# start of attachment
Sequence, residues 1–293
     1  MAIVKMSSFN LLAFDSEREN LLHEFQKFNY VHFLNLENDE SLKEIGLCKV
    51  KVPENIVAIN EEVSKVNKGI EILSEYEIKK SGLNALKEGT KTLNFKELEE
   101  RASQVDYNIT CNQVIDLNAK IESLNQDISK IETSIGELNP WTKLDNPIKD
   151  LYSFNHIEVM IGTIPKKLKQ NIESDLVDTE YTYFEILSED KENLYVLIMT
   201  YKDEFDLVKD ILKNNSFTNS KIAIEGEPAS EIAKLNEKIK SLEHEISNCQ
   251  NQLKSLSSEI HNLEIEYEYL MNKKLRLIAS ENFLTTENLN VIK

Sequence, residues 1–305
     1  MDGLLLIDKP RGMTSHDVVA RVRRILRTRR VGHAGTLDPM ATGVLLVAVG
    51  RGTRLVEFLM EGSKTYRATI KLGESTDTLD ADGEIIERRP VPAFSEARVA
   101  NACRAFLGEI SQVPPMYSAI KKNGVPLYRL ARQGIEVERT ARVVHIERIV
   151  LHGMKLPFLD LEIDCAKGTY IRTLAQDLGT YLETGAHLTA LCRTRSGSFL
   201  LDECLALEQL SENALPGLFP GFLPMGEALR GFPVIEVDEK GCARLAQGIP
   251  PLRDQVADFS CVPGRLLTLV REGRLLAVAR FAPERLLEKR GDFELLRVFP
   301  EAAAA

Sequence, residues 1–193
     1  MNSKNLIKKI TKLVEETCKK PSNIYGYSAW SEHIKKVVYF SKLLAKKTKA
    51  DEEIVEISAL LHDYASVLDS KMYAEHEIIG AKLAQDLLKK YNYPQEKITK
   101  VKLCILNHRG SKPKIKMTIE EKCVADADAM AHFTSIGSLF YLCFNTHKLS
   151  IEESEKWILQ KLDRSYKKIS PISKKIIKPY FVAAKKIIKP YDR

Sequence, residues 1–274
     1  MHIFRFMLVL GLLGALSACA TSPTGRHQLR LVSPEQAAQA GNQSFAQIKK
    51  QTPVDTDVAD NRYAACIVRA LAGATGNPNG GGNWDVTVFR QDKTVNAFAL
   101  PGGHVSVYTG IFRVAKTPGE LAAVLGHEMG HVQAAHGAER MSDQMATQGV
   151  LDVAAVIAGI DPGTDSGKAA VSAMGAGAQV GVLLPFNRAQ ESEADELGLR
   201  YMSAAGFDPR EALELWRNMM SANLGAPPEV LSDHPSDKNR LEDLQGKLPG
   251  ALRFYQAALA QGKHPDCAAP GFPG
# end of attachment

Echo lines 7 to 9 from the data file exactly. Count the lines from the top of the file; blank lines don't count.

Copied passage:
   251  NQLKSLSSEI HNLEIEYEYL MNKKLRLIAS ENFLTTENLN VIK

Sequence, residues 1–305
     1  MDGLLLIDKP RGMTSHDVVA RVRRILRTRR VGHAGTLDPM ATGVLLVAVG